Crime Library: Criminal Minds and Methods

The Killing of Polly Klaas

Davis' Revenge

On March 21, 1985, the ruthless couple was back in California, this time in Modesto.  Their pickup truck had a defective taillight.  A police officer pulled them over for a ticket, ran a check, and found the warrants on them for their crimes against Selina Varich.

Davis was sentenced to sixteen years in prison.  He served it at the California Men's Colony in San Luis Obispo.  Here he received training in a legitimate and high-paying skilled trade, sheet-metal working.  Davis' supervisor was quite impressed by the convict's performance.  "The guy was just an excellent sheet-metal worker," he commented with admiration, "the best press-break operator we've ever had here.  Rick had a lot of potential.  With his skills, he could have made $45 an hour."

Lacking the extensive criminal record that Richard Allen Davis had, Sue Edwards received a much lighter sentence for the couple's crimes. She served a mere six months.  In 1988, she married Mike Mrava.  Less than three months later, she was a widow.  Mrava was found dead with his throat cut and a total of 23 stab wounds.  Edwards' boyfriend, Floyd Bailey, confessed to the murder.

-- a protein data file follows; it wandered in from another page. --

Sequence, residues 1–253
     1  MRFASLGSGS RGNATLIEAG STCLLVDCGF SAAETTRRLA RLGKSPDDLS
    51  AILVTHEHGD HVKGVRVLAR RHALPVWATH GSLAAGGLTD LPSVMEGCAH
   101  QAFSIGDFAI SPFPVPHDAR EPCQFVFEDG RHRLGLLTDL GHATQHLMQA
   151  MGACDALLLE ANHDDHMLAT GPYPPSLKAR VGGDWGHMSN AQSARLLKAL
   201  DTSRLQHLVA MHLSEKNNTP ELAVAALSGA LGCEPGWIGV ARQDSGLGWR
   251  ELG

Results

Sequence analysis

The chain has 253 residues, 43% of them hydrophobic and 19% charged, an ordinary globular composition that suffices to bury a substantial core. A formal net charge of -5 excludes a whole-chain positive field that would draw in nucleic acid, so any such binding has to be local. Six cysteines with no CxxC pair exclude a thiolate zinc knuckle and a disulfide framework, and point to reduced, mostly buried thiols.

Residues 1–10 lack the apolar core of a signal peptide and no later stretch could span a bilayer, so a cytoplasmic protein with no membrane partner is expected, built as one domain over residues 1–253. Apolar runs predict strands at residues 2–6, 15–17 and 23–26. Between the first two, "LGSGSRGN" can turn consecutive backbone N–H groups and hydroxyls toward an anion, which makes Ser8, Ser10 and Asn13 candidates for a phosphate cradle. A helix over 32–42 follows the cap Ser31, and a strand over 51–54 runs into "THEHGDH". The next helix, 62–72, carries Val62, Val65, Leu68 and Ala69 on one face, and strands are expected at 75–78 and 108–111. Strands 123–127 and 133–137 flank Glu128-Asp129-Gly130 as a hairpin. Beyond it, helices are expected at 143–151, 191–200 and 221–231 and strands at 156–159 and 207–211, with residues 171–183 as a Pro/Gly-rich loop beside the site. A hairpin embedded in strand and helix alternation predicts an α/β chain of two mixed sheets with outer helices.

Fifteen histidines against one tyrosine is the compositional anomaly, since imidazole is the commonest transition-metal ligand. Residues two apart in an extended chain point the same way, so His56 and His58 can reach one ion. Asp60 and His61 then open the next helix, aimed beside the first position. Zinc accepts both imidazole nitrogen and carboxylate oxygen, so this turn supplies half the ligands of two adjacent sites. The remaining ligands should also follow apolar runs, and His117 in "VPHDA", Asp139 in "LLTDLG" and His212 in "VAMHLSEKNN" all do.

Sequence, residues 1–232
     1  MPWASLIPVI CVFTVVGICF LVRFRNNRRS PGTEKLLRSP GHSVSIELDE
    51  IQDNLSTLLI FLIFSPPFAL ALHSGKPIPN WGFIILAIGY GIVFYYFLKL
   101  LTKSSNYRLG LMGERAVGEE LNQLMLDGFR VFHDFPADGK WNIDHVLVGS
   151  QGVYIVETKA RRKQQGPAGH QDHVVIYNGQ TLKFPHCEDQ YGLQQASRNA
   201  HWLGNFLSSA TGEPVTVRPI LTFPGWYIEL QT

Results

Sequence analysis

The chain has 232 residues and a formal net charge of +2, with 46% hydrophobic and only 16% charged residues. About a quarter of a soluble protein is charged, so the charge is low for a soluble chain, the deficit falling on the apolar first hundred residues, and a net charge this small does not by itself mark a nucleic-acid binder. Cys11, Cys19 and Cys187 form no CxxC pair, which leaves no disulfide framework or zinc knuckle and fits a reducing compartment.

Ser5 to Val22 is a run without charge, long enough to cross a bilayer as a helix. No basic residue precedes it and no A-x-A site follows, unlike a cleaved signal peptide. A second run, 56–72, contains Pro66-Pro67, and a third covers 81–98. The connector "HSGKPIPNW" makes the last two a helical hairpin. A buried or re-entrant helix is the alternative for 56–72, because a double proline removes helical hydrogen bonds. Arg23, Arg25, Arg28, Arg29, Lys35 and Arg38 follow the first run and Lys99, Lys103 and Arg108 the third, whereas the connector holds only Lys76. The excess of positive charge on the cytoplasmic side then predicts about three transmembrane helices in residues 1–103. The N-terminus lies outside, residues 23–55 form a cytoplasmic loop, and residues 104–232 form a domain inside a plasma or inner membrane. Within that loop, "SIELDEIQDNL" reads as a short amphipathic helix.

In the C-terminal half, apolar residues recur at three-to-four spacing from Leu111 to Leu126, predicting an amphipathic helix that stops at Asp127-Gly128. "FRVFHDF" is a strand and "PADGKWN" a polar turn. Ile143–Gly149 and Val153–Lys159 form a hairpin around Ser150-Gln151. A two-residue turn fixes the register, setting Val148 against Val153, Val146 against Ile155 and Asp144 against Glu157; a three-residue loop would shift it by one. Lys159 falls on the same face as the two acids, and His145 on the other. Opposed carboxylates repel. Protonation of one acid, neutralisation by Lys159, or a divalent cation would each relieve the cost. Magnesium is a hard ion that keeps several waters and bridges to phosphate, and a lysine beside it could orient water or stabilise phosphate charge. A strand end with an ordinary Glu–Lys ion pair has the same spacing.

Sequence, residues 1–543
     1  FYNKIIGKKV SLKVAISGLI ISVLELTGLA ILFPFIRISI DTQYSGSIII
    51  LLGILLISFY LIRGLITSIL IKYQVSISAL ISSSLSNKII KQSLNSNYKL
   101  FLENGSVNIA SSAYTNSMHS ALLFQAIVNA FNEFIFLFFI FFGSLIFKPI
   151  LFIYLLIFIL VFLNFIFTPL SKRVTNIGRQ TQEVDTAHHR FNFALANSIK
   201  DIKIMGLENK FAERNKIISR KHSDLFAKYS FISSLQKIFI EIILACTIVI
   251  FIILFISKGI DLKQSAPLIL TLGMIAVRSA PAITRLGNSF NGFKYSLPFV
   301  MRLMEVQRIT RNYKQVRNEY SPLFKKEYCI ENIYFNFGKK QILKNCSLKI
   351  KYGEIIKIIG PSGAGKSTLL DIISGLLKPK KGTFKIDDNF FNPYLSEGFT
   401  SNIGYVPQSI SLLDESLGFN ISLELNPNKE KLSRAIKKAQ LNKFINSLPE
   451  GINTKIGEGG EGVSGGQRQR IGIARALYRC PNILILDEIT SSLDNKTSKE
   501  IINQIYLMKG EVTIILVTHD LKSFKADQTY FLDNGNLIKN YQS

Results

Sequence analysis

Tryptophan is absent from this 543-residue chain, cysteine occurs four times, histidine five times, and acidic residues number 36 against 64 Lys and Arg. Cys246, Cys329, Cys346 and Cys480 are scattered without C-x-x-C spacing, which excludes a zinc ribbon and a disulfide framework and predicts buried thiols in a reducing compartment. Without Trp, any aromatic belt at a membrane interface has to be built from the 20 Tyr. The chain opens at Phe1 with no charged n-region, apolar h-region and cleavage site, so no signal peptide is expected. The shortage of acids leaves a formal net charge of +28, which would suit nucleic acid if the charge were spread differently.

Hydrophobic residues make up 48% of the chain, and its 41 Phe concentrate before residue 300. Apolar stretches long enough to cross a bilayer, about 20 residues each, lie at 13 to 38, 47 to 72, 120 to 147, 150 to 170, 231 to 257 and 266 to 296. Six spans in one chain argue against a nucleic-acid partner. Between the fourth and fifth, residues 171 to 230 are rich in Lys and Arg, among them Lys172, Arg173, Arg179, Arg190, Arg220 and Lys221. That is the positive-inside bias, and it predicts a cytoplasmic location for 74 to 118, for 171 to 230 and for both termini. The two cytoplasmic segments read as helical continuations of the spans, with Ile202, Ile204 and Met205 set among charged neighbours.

Sue Edwards inherited $300,000 from her husband.  She soon bought a Corvette and used it to visit Davis while he was still behind bars.  The two-of-a-kind lovebirds were soon engaged.

Then Edwards broke it off.

Davis was heartbroken and enraged.

In the meantime, police were investigating what role, if any Edwards might have played in her husband's death.  In the course of their detective work, they discovered that she had never been legally divorced from her first husband, William Edwards.  They prepared to prosecute her for bigamy when the district attorney, Lane Liroff, received an offer of help from an unlikely source: Richard Allen Davis.  He volunteered to testify against his former fiancée.

Thus, Sue Edwards, convicted of bigamy and sentenced to serve six years, was behind bars in 1993 when Davis was paroled for his part in their crime spree.

Davis seemed, to an extent, as if he was straightening out.  He moved into a homeless shelter in San Mateo.  He met his appointments with his parole officer.  He passed his drug tests.

He found a job doing the sheet-metal work at which he was so proficient.  He soon had enough money to buy a white Ford Pinto. 

That was the vehicle he was driving on the night Polly Klaas was kidnapped.





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